A small city near Ottawa that has struggled for years with a weak economy is the site of a heated debate about Ontario’s basic income experiment.
Smiths Falls’ city council voted against participation in the province’s basic income pilot project by a vote of 3-2 last month, despite Mayor Shawn Pankow’s support for the idea. Council shot down a proposal to send a delegation to a conference of rural municipalities to lobby for a basic income in Smiths Falls.
Smiths Falls, Ontario. (Photo: Alex Drainville/Flickr under Creative Commons)
But that hasn’t stopped some residents from protesting city council’s decision.
“This is an occupy moment and we’re here to protest,” Carol Anne Knapp, who started a petition after council’s vote last month, said at a council meeting on Monday.
Darlene Kantor, a local building superintendent who identifies herself as a person with a disability, told councillors she has tenants who have to make a decision every month about whether to pay the rent or feed their children.
“I had a tenant who was an elderly woman who died of starvation,” said Kantor, as quoted in the Smiths Falls News Record. “She had no food in her fridge – no food in her cupboards. There’s people starving!”
“I have to believe they didn’t understand what they were voting down.”
— Smiths Falls resident Carol Anne Knapp
Ontario’s Liberal government made launching a basic income pilot project part of its budget last year, and a report last fall from the province’s consultant on the issue, ex-senator Hugh Segal, suggested a program that would see individuals paid $1,320 per month with $500 more for those with disabilities. It would replace the province’s current welfare and disability programs.
The province is looking for several sites, including urban, suburban and rural communities, to test out a basic income.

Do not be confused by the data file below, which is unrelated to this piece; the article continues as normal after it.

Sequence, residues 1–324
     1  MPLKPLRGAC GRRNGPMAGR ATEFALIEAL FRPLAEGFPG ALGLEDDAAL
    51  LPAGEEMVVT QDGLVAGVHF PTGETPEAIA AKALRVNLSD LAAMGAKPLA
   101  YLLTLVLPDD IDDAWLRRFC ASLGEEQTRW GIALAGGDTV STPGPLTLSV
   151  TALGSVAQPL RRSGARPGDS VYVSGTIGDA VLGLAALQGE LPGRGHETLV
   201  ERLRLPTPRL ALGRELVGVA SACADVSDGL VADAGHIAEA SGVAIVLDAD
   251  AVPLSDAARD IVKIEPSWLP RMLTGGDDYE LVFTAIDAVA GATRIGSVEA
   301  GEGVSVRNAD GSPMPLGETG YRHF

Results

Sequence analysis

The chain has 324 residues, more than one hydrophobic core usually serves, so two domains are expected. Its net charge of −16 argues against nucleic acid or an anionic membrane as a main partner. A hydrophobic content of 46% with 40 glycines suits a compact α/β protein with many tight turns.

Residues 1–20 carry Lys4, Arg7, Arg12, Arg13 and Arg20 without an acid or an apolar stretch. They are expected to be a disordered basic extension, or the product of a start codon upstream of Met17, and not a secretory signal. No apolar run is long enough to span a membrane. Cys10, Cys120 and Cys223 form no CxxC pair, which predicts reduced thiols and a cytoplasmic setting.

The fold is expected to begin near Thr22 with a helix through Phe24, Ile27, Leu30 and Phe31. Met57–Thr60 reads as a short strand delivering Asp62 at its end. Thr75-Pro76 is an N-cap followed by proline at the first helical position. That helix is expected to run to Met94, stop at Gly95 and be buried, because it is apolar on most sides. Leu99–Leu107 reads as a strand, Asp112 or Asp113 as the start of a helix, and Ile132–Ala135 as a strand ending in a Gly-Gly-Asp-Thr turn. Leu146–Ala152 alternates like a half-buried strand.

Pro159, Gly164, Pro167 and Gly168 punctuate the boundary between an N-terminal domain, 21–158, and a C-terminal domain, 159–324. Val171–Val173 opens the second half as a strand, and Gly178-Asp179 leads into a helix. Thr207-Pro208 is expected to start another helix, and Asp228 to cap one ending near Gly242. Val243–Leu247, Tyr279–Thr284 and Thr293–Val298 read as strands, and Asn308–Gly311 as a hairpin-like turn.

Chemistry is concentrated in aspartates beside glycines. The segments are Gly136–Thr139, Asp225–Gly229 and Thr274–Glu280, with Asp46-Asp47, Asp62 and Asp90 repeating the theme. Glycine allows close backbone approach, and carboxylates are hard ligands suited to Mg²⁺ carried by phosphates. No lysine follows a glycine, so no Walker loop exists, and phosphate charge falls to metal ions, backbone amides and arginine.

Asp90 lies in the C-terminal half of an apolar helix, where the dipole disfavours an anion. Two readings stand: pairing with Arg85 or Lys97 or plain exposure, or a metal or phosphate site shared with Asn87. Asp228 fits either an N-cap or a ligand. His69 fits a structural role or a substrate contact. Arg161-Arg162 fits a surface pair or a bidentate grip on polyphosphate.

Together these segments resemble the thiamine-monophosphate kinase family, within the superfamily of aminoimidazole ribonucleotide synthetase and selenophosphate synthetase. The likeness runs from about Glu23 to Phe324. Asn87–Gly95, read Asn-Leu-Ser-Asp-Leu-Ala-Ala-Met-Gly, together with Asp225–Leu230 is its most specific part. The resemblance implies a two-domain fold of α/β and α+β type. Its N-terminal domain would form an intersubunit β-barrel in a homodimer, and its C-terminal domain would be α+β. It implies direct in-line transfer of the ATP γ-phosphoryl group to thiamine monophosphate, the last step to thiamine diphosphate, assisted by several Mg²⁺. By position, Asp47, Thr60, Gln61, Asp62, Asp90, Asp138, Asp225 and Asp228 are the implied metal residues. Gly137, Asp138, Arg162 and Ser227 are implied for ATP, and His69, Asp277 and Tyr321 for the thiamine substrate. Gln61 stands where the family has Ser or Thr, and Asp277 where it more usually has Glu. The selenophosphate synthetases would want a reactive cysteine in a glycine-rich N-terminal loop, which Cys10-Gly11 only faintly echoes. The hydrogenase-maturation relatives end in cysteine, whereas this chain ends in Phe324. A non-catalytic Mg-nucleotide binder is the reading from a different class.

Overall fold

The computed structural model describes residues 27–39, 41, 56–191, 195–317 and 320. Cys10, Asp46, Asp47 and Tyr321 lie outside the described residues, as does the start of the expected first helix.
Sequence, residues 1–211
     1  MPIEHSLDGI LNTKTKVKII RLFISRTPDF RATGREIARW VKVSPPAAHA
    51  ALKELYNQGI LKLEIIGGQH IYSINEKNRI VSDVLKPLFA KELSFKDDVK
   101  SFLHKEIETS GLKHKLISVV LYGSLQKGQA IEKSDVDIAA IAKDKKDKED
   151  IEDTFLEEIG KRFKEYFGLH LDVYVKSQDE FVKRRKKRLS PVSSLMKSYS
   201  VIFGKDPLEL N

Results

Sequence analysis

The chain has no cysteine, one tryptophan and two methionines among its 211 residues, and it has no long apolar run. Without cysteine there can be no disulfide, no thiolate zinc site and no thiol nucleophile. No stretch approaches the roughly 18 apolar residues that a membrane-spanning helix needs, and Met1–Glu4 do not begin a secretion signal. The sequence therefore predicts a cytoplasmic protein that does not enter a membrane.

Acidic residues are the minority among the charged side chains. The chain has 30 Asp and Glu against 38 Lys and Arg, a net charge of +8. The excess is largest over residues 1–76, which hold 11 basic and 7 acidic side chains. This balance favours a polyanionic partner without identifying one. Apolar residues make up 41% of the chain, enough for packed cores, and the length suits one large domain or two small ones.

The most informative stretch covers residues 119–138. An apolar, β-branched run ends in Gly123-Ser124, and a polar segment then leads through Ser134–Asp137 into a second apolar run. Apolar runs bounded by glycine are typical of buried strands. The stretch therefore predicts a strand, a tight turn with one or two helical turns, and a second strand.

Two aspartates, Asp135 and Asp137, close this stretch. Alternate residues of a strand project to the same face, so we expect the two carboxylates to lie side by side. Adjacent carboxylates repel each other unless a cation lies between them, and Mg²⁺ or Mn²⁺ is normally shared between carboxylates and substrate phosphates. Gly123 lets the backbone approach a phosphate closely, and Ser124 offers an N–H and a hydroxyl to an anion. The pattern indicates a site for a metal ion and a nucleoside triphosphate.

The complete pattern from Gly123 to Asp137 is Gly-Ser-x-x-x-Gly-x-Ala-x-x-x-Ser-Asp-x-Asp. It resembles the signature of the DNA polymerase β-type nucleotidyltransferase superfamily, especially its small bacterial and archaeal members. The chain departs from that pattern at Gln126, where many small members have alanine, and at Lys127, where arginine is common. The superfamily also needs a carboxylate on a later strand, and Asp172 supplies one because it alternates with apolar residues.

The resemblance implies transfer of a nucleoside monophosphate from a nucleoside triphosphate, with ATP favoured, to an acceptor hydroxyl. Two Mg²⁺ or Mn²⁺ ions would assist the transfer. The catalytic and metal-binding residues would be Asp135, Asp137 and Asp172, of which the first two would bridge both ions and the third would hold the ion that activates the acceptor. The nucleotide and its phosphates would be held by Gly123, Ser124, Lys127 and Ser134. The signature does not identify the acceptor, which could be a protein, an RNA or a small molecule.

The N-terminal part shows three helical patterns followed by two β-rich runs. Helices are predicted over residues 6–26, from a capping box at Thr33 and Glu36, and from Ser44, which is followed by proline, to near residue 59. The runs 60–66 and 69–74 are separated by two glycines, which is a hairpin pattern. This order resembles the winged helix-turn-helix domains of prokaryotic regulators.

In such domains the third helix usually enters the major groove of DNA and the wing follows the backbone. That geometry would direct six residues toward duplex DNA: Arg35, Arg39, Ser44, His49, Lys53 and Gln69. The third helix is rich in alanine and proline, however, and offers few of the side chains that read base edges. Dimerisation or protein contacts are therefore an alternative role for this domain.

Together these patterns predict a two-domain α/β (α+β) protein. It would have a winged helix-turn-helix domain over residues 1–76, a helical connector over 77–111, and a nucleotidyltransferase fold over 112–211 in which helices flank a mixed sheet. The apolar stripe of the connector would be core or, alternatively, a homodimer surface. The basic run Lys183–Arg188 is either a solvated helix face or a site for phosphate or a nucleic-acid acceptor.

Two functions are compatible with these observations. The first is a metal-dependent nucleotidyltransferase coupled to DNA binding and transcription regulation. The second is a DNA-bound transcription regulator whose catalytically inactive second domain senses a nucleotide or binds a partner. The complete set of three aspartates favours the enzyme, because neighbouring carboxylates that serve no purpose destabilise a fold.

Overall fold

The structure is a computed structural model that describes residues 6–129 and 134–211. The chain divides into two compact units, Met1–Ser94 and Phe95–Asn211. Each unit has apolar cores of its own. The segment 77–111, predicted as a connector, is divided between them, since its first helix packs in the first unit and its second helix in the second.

A number of experts argue that a basic income could soften the blow from the rapid automation of manufacturing.
The provincial government told the Smiths Falls Record News that it, and not the municipal government, will make the final decision on where basic income pilot projects will be implemented.
All the same, some residents are upset about city council’s lack of support for the project.
“I have to believe they didn’t understand what they were voting down,” Knapp told the CBC last month. “This can be considered not just a handout to those who are less fortunate, including hungry kids and destitute seniors. This could be considered the best stimulus package this community could hope for.”
She added: “It’s been a devastation since Hershey’s left.”
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Smiths Falls was once the site of a Hershey’s chocolate factory and a Stanley Tools plant that were the economic lifeblood of the community.
In the years since both shut down, incomes and home ownership have declined, and a third of the community’s children now live below the poverty line, according to the CBC.
Since then, the Hershey plant has reopened as a production facility for Tweed, Canada’s first publicly-traded medical marijuana producer. And the town has gotten some other boosts, including the arrival of a manufacturer of self-piloting boats.
The old Hershey factory in Smiths Falls has become a production centre for Tweed, a subsidiary of Canopy Growth, Canada’s first publicly-traded marijuana company. (Photo: The Canadian Press/Sean Kilpatrick)
Mayor Shawn Pankow says a basic income would help people find the confidence to look for work in the new economy, without fear of having their social benefits clawed back.
“If you’re living in despair or addiction or crisis all the time because you can’t make ends meet and you don’t know where the next meal is going to come from, and you’re feeding non-nutritious food to your kids because that’s all you can afford, the future of those kids is going to be the same as the parents,” he said.
But city councillor Dawn Quinn says she doesn’t think the idea will work.
People in poverty “need to be able to learn how to take that money and stretch it. I was raised by a mother who said, ‘Give me a pound of hamburger and a bag of macaroni and I can feed my family for a week.’ We need more of that kind of thinking,” Quinn told the CBC.
“The income all has to come from somewhere and I don’t think the taxpayers can afford to be paying any more taxes.”
The basic income idea got a boost from the local county’s health unit, which is backing the idea.
“On a personal level I’m really keen to see whether we can do things differently that would really support the people in our community,” said Paula Stewart, chief health officer for Leeds, Grenville and Lanark District.
“On a professional level, I think it’s worth a try.”
The basic income debate will return to Smiths Falls’ city hall on Thursday, when council will hold an information session for the public about the province’s plans.